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After a Disaster – Tips for Dealing with Stress

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After a Disaster: Tips for Dealing With Stress

Things to Remember

  • No one who sees a disaster is untouched by it.
  • It is normal to feel anxious about your family’s safety.
  • Profound sadness, grief, and anger are normal reactions to an abnormal event.
  • Acknowledging our feelings helps us recover.
  • Focusing on our strengths and abilities will help us to heal.
  • Accepting help from community programs and resources is healthy.
  • We each have different needs and different ways of coping.
  • It is common to want to strike back at people who have caused great pain, but nothing good is accomplished by hateful language or actions.

Signs That Someone Needs Stress­Management Assistance

  • Difficulty communicating
  • Difficulty sleeping
  • Difficulty maintaining balance
  • Easily frustrated
  • Increased use of drugs/alcohol
  • Limited attention span
  • Poor work performance
  • Headaches/stomach problems
  • Tunnel vision/muffled hearing
  • Colds or flu­like symptoms
  • Disorientation or confusion
  • Difficulty concentrating
  • Reluctance to leave home
  • Depression, sadness
  • Feelings of hopelessness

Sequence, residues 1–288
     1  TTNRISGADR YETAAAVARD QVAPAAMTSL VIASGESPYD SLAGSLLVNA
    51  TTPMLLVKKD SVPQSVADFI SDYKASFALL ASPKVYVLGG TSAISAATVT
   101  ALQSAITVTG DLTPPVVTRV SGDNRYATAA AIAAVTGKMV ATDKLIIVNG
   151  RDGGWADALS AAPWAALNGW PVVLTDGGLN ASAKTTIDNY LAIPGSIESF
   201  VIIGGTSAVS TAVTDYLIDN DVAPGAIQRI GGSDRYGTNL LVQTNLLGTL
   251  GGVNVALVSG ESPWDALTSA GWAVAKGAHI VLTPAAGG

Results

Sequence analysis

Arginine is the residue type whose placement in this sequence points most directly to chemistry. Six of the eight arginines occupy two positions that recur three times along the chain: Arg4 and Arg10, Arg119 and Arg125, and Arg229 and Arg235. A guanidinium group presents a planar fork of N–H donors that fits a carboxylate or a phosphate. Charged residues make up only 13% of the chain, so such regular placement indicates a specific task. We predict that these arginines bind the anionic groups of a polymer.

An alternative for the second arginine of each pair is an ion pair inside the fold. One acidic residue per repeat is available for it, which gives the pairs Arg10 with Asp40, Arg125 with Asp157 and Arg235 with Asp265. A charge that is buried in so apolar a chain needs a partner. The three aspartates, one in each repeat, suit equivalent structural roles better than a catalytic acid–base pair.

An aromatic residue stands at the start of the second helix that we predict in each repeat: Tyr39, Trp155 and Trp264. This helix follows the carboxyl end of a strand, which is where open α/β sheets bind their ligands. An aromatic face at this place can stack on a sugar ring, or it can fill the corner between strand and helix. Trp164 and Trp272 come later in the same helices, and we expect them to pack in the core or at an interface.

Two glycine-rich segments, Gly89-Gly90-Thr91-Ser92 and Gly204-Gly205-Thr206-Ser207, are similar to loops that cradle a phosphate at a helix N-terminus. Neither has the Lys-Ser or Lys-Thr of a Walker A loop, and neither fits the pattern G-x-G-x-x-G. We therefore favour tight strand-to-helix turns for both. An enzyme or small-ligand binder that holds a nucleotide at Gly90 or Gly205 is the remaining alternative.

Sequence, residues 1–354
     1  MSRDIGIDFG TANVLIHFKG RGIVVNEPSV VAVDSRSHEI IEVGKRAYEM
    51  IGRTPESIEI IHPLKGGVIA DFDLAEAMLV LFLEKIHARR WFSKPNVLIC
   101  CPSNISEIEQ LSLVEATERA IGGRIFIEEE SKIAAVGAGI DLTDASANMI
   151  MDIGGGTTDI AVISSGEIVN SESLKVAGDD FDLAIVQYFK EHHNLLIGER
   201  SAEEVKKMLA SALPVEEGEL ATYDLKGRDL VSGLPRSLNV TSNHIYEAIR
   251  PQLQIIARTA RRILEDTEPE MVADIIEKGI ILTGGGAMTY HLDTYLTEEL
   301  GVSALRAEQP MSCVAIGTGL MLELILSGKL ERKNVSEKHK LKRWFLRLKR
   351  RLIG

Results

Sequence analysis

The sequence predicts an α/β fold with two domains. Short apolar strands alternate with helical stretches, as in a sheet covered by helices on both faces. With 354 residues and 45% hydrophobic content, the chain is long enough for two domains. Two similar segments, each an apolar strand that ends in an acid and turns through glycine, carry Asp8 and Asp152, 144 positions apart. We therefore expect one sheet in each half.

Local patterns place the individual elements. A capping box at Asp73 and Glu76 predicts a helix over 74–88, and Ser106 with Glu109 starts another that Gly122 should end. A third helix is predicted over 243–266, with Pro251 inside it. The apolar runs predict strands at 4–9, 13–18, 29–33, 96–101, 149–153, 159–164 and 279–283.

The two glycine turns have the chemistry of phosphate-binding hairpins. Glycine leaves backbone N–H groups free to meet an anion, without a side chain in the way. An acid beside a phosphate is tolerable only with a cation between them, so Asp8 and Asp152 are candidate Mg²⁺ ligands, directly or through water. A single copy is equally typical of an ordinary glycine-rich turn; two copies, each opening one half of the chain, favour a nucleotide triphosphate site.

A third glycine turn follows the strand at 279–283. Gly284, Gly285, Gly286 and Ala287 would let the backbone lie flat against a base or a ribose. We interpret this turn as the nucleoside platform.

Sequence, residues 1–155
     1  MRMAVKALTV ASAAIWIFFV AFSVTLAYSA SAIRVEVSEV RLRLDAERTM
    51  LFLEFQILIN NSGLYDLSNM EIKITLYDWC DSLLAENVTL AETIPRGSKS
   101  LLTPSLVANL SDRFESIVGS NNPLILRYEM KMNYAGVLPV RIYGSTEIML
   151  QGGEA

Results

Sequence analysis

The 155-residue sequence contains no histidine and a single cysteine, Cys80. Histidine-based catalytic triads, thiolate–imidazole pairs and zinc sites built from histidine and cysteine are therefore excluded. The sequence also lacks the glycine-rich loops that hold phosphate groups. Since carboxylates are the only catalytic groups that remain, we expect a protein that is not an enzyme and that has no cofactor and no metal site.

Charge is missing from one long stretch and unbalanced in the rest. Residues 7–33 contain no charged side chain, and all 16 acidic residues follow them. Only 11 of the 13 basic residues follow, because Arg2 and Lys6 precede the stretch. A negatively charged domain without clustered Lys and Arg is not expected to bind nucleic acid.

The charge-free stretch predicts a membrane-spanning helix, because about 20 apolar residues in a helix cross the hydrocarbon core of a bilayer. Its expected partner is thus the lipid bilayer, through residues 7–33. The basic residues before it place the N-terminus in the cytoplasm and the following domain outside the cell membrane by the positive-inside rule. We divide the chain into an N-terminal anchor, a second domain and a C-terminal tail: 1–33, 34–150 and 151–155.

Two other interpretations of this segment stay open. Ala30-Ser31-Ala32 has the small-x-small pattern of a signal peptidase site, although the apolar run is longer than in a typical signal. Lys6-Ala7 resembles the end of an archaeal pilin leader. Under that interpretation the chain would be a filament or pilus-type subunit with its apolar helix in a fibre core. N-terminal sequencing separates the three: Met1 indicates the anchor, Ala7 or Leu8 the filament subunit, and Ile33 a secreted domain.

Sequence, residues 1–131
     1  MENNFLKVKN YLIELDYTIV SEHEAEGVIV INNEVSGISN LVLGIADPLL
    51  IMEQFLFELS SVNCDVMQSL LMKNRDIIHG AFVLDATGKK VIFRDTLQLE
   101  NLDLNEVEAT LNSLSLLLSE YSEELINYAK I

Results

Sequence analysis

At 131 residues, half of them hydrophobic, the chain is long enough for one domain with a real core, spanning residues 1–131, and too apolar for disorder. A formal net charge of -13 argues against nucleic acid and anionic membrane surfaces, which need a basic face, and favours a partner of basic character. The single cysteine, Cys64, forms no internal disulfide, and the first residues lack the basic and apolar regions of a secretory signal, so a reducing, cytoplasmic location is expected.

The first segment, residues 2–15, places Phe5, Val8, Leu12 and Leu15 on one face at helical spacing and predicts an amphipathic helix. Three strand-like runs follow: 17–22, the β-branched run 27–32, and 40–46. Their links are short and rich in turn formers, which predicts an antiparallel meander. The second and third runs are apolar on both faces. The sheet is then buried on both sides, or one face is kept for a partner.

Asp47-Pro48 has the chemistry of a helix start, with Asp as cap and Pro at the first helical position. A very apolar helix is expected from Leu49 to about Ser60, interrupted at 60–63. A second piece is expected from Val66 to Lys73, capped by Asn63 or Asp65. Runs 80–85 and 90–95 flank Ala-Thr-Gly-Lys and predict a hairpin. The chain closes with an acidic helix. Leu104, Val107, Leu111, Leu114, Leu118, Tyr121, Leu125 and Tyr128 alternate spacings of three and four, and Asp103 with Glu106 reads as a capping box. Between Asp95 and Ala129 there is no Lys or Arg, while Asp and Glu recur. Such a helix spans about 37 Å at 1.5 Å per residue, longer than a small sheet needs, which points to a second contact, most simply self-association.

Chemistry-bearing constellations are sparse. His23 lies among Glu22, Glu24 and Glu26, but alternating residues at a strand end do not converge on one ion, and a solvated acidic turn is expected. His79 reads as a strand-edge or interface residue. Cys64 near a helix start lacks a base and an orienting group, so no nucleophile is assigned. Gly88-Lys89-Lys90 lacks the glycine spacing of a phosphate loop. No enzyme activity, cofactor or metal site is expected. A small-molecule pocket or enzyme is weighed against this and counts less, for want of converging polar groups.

• Mood swings
  • Crying easily
  • Overwhelming guilt and self­-doubt
  • Fear of crowds, strangers, or being alone

Ways to Ease Stress

  • Talk with someone about your feeling even though it may be difficult to do so.
  • Don’t hold yourself responsible for the disastrous event or be frustrated because you cannot help directly in the rescue work.
  • Take steps to promote your physical and emotional healing by staying active in your daily life patterns or by adjusting them appropriately. A healthy outlook will help you and your family.
  • Maintain a normal daily routine and limit demands on yourself and your family.
  • Spend time with family and friends.
  • Participate in memorials and rituals to express feelings.
  • Use existing supports groups of family, friends, and religious institutions.
  • Establish a family emergency plan. It can be very comforting to know what you can do in case of future emergencies.
  • If self-­help strategies are not helping or you find that you are using drugs/alcohol in order to cope, you are may wish to seek outside or professional assistance in dealing with your stress.

Adapted from the Substance Abuse and Mental Health Services Administration

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